#3) by far the most important for these events, is raising awareness. Its effectively free advertising for these causes which improves their efficiency. It gets people talking, researching, and otherwise engaged. Could it just as easily be a backpacking trip? Sure. But thats less accessible to a wide range of folks. Biking is brilliant because its something just about anyone can do -- And its fun! What about walking? Sure -- they do that too, its called Walktoberfest. Biking as an event has proven "more fun" year after year. Draws more people, and generates more funds (due to people) for a reasonably fixed amount of overhead.

As for the privacy policy, its confusing, the ada site does have a privacy policy which says they don't distribute information, but its not clear that their payment processor abides by the same rules. I am not sure where the summary site gets its information from.

TDC privacy policy:
which is rather vauge.

ADA policy:
"ADA, like many other non-profit organizations, occasionally makes available only our contributor names and postal addresses to companies, predominantly other non-profit organizations."


All that said, as a somewhat strong supporter of the ADA in the past, i'm quite frustrated by their apparent lack of efficiency. (and i've known about it for some time) Unfortunately, as a broad group, diabetes gets little funding relative to its scope and impact in the health care system. The JDRF is great, but they only focus on Type 1. In short, there are no other advocates to contribute to that focus on both forms -- which is sad.

Sad though it is, NOT contributing to the cause because of fear that the overhead makes it ineffective isn't a valid reason. Having other charities you care about more, is a perfectly valid reason. Having been hit up by lots of friends attempting to raise money is a problem akin to spam. Charities have gone online, in a manner which has made email solicitation easy -- and deluged your inbox with requests from your friends which might not have asked you otherwise. This "spam the world" philosophy of fundrasing via social networks is the real source of the posters woes I suspect. The solution for which is sadly, not obvious. Except perhaps in getting better at saying "no". And doing so in a manner that your friends don't ask you again next year. Wrapping it in an argument about functional efficiency is simple misdirection.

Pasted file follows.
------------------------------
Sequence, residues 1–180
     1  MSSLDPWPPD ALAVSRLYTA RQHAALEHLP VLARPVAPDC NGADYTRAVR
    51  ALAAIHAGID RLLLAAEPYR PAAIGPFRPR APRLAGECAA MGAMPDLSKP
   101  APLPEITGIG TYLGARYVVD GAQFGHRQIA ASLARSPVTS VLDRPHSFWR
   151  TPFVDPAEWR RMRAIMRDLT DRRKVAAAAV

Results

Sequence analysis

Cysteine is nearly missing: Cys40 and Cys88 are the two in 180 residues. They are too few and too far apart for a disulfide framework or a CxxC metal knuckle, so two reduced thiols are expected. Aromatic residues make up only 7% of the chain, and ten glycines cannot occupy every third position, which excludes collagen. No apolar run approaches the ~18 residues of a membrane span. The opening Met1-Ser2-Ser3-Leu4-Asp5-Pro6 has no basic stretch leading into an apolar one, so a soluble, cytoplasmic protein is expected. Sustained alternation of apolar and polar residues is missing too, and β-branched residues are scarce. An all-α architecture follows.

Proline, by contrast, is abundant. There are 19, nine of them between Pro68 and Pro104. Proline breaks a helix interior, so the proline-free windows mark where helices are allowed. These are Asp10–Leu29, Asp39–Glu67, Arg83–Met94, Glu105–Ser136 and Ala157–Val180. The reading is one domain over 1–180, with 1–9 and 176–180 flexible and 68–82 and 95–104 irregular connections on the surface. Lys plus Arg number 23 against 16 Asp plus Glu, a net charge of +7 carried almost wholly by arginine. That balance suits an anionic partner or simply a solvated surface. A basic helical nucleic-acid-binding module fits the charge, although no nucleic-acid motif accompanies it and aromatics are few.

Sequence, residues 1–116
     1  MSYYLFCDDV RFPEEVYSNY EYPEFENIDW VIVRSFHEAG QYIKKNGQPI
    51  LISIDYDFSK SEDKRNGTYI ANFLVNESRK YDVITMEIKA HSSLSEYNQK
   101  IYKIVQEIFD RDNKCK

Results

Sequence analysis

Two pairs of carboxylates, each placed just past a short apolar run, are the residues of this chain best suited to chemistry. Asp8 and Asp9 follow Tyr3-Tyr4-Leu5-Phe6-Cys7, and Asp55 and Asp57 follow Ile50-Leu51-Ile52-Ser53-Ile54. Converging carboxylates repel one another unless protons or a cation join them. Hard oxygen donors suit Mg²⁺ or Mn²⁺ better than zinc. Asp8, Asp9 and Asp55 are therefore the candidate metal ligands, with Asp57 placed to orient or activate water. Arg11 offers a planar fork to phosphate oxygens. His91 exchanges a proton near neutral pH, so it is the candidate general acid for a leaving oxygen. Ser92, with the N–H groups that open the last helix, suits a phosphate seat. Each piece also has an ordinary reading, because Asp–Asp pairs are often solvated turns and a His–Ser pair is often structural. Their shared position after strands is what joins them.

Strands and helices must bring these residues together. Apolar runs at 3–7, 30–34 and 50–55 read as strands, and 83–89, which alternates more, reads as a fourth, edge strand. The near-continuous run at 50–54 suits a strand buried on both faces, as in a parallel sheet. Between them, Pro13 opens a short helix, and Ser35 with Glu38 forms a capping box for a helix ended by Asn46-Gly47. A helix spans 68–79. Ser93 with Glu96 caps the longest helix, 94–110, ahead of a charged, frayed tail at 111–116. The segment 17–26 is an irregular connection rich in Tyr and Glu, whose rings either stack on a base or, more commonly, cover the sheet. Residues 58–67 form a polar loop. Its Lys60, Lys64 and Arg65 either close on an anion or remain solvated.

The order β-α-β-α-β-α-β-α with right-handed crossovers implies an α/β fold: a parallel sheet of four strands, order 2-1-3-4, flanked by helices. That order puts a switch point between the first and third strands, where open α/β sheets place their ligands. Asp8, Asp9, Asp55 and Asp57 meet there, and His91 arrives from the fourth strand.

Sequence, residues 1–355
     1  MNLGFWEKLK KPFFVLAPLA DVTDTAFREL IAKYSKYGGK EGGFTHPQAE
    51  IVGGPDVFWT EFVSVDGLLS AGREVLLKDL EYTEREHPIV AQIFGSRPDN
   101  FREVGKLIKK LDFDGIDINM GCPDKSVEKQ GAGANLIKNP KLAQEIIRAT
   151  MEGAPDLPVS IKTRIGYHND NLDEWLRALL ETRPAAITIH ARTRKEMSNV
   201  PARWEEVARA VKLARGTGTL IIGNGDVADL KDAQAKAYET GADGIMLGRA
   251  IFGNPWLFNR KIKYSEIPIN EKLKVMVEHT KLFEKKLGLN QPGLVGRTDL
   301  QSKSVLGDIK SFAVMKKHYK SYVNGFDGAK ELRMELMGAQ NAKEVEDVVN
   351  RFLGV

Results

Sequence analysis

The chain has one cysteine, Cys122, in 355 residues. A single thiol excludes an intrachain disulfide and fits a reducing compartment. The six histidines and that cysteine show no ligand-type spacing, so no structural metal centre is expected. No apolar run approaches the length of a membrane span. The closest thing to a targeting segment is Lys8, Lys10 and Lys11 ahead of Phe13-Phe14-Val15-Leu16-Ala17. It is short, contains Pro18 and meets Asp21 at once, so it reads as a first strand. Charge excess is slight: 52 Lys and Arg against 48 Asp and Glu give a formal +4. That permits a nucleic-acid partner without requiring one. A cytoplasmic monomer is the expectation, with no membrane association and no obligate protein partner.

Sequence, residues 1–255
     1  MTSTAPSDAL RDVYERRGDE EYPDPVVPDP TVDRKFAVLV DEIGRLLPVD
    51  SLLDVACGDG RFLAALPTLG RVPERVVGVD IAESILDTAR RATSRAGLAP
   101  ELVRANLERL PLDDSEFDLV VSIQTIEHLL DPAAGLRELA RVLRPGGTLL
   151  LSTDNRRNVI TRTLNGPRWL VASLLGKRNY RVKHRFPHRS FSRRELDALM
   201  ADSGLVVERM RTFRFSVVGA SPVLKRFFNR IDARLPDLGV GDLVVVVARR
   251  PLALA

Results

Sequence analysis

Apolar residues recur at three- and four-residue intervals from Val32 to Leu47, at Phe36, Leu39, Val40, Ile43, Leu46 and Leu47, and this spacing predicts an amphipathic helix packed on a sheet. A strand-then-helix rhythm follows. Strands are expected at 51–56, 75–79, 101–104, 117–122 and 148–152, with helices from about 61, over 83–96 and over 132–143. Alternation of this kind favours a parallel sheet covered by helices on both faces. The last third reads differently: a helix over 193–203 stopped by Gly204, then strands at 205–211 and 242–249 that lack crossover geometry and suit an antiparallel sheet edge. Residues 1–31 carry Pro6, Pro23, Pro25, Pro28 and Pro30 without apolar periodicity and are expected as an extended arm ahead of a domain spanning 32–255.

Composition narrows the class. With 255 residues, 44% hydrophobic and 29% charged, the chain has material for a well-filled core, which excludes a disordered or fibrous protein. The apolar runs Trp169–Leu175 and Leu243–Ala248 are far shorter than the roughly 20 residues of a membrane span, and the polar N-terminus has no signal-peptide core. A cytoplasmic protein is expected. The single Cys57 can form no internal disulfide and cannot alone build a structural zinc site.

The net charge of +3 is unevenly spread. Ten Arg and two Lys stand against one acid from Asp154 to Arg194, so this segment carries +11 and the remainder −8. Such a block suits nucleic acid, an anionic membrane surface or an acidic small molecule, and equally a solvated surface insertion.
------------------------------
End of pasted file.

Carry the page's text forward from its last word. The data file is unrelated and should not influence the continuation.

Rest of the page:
Piaw Na said...

I don't believe in commingling my bike riding with my charity. The 2 are separate and shall remain so!

David said...

better places will tell you their overhead, i.e., how much of every dollar goes to the actual cause, and how much goes to the administration.

I think I recall someone saying MADD was especially bad, though I could be wrong. I think I remember someone saying MADD money never left MADD itself.